Clinical presentation, diagnosis, and treatment of atrioesophageal fistula resulting from atrial fibrillation ablation

Domenico G. Della Rocca, Michele Magnocavallo, Veronica N. Natale, Carola Gianni, Sanghamitra Mohanty, Chintan Trivedi, Carlo Lavalle, Giovanni B. Forleo, Nicola Tarantino, Jorge Romero, Xiadong Zhang, Mohamed Bassiouny, Amin Al-Ahmad, David J. Burkhardt, Joseph G. Gallinghouse, Javier E. Sanchez, Rodney P. Horton, Luigi Di Biase, Andrea Natale

Research output: Contribution to journalArticlepeer-review

17 Scopus citations


Background: Atrioesophageal fistula (AEF) is a worrisome complication of atrial fibrillation (AF) ablation. Its clinical manifestations and time course are unpredictable and may contribute to diagnostic and treatment delays. We conducted a systematic review of all available cases of AEF, aiming at characterizing clinical presentation, time course, diagnostic pitfalls, and outcomes. Methods: The digital search retrieved 150 studies containing 257 cases, 238 (92.6%) of which with a confirmed diagnosis of AEF and 19 (7.4%) of pericardioesophageal fistula. Results: The median time from ablation to symptom onset was 21 days (interquartile range [IQR]: 11–28). Neurological abnormalities were documented in 75% of patients. Compared to patients seen by a specialist, those evaluated at a walk-in clinic or community hospital had a significantly greater delay between symptom onset and hospital admission (median: 2.5 day [IQR: 1–8] vs. 1 day [IQR: 1–5); p =.03). Overall, 198 patients underwent a chest scan (computed tomography [CT]: 192 patients and magnetic resonance imaging [MRI]: 6 patients), 48 (24.2%; 46 CT and 2 MRI) of whom had normal/unremarkable findings. Time from hospital admission to diagnostic confirmation was significantly longer in patients with a first normal/unremarkable chest scan (p <.001). Overall mortality rate was 59.3% and 26.0% survivors had residual neurological deficits at the time of discharge. Conclusions: Since healthcare professionals of any specialty might be involved in treating AEF patients, awareness of the clinical manifestations, diagnostic pitfalls, and time course, as well as an early contact with the treating electrophysiologist for a coordinated interdisciplinary medical effort, are pivotal to prevent diagnostic delays and reduce mortality.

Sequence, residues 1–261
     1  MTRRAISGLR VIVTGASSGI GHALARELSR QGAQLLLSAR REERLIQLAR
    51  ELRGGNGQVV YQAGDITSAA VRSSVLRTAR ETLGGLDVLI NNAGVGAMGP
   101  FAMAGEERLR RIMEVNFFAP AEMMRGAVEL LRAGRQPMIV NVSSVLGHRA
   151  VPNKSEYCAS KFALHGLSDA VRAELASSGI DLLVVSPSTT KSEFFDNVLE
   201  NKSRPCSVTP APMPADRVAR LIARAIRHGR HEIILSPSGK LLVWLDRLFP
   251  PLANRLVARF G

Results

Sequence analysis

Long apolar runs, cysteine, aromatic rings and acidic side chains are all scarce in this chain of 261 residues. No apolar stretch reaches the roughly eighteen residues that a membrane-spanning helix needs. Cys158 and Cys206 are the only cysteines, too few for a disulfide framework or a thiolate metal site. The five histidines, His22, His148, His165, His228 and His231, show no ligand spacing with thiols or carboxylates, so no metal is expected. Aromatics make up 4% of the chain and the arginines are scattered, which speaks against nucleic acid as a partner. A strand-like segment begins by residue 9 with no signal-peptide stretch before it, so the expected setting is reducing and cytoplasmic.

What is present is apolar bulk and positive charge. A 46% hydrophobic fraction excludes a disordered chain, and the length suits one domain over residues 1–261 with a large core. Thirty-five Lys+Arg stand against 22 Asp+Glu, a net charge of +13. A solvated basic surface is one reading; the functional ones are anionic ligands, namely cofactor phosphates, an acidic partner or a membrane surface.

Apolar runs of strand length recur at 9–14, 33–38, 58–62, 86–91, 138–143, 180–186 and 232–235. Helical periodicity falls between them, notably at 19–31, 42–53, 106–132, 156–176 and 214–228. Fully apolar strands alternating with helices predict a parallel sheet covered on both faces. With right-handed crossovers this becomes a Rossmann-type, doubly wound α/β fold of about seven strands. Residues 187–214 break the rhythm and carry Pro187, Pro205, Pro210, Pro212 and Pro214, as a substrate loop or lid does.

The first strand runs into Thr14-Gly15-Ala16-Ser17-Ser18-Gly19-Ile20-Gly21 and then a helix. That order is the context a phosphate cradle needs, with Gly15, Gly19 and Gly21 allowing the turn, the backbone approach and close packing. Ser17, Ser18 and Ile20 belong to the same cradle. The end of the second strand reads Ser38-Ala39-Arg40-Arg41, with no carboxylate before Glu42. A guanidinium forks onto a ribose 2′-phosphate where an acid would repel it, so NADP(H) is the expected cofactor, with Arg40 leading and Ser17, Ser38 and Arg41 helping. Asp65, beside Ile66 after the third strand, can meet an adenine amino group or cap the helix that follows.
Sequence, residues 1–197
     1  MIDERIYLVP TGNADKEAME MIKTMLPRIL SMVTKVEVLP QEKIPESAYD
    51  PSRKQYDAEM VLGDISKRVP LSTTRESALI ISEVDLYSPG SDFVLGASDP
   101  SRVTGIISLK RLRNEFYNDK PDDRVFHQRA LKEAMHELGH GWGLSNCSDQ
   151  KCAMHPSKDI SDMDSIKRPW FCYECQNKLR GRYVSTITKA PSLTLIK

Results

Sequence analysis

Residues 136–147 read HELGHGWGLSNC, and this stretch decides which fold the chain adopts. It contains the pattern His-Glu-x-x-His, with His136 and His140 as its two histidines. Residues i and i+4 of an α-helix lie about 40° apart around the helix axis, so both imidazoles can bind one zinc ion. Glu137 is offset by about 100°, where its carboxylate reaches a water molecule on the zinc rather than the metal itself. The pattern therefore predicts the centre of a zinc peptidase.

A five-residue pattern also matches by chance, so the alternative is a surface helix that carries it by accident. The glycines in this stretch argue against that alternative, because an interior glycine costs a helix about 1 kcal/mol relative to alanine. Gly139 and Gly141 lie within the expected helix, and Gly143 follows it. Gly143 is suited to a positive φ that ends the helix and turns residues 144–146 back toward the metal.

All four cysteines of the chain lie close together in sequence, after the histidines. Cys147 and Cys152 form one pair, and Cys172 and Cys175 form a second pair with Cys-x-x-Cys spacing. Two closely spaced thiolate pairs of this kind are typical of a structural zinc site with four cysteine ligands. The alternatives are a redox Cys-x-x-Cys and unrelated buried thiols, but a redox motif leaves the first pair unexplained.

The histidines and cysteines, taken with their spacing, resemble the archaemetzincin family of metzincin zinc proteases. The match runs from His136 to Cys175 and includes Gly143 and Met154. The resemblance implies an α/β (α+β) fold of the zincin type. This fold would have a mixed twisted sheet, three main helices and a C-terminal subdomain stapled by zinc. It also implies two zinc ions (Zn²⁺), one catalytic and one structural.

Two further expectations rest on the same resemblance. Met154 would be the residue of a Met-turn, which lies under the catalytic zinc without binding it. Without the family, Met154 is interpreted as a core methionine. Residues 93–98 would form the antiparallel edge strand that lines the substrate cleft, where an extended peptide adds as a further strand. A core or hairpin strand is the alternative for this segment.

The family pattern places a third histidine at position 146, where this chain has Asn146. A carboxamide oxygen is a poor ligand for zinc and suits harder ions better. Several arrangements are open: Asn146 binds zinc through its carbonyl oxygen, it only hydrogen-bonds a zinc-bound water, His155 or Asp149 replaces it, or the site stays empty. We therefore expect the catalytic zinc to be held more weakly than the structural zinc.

Original languageEnglish (US)
Pages (from-to)2441-2450
Number of pages10
JournalJournal of cardiovascular electrophysiology
Issue number9
StatePublished - Sep 2021


  • air embolism
  • atrial fibrillation
  • atrio-esophageal fistula
  • catheter ablation
  • computer tomography
  • gastrointestinal bleeding

ASJC Scopus subject areas

  • Cardiology and Cardiovascular Medicine
  • Physiology (medical)


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